Paper Social Work In A Digital World

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It has been debated for years whether or not incentivizing the behavior of a person is a suitable practice to get him to do something or not.  Some behaviorists argue that incentives mean nothing – if a person wants to do something he’s going to do it whether or not he gets a reward.  Organizations are different.

HITECH Brings About a Digital World

Agencies, especially ones who operate under governmental budget constraints, must be
offered a reason to do something beyond: “You should.”  In 2009, the federal government enacted the Health Information Technology for Economic and Clinical Health Act (HITECH).  This act was part of the nation-wide stimulus package known as the American Recovery and Reinvestment Act.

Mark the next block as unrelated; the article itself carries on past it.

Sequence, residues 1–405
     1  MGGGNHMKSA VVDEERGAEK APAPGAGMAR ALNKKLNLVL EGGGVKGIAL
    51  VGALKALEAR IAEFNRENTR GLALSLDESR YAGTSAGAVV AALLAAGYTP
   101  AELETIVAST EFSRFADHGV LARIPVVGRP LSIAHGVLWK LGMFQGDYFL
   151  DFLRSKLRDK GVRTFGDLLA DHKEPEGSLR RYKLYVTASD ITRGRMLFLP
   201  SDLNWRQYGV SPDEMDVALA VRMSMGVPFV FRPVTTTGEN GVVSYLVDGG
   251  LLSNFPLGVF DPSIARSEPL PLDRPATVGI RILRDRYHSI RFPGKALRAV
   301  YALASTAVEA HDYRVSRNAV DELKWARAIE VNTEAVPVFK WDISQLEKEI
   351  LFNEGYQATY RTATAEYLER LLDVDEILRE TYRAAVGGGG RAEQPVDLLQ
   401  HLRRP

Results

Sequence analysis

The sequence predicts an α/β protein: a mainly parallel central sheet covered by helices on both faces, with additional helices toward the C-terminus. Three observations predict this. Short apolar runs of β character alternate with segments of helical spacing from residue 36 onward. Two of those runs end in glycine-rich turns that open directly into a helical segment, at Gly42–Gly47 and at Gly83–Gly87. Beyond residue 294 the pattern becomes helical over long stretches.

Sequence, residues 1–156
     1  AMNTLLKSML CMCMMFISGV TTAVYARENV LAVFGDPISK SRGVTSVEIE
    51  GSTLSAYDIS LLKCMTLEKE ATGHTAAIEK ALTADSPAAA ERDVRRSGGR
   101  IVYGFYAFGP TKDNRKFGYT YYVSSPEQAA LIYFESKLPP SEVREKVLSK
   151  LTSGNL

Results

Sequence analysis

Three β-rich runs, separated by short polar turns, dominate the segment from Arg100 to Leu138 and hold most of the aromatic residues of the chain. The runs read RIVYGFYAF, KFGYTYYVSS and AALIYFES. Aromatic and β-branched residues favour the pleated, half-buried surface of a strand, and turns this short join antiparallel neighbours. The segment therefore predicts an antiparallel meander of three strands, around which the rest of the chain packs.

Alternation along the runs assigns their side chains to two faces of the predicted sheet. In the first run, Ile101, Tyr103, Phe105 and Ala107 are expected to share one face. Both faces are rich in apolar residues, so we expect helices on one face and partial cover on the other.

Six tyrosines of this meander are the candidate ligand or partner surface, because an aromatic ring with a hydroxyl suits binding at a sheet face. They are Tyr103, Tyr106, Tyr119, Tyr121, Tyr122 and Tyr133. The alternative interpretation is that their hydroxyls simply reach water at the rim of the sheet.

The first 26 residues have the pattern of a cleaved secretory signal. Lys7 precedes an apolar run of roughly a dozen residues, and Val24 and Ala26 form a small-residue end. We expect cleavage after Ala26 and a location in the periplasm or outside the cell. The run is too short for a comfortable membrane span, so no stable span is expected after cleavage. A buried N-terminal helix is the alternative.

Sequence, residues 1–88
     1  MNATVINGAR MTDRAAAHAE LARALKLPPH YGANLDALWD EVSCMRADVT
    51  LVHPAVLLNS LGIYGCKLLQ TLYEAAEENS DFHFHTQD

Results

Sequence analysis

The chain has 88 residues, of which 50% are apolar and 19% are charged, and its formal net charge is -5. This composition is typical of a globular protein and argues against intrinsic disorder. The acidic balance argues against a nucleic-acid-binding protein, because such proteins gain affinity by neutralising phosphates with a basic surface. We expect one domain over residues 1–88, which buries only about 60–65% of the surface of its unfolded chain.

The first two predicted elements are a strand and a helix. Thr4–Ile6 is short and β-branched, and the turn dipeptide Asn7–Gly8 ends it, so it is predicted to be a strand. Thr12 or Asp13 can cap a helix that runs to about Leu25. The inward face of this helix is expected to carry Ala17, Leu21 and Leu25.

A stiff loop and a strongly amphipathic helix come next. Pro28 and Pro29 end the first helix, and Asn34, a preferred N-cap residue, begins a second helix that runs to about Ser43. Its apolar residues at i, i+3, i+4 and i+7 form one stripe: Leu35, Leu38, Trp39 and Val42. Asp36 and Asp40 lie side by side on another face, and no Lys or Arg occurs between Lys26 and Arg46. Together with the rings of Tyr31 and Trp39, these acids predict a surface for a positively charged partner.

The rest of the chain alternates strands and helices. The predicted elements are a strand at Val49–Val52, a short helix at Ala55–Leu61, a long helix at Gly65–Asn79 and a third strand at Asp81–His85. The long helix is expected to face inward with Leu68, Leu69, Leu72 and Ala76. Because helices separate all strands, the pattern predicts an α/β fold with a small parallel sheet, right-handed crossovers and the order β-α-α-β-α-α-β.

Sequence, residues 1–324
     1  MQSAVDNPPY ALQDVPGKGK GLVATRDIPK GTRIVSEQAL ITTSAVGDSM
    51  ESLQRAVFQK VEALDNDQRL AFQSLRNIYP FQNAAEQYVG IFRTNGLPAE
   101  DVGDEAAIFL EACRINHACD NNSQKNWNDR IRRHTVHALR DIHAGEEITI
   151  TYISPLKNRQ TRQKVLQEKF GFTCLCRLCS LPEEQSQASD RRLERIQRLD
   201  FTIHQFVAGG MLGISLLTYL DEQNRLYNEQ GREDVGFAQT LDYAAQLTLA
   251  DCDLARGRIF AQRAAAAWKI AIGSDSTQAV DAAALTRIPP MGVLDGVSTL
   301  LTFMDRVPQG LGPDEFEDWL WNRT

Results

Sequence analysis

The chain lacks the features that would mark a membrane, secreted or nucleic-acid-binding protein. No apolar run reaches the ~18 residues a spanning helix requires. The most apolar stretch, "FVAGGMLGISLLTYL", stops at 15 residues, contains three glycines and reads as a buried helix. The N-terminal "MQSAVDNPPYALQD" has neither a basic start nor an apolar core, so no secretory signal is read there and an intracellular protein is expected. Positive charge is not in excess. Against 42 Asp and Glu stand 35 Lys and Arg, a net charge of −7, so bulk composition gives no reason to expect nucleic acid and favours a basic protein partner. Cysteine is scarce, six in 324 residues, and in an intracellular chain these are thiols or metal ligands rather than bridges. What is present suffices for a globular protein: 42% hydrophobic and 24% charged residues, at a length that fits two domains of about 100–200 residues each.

HITECH’s purpose is to promote the adoption of health information technology in medical care.  The act works by incentivizing organizations to implement electronic healthcare records management systems.  Providers, such as doctors, cannot receive full payments just for adopting and electronic health records (EHR) system.  They must also show “meaningful use” of these systems.

Meaningful use means that these providers must show that adoption of an EHR has significantly improved the quality of care for their patients.  There are 25 metrics a provider must meet in order to be qualified as meeting the meaningful use standard.  These include demographic recordation, clinical summaries for office visits, and even smoking habits for any patient over the age of 13.

However, HITECH only offers incentives for adoption of EHR to select segments of the healthcare industry.  HITECH and the meaningful use incentives neglect to encourage behavioral health providers to convert to EHRs.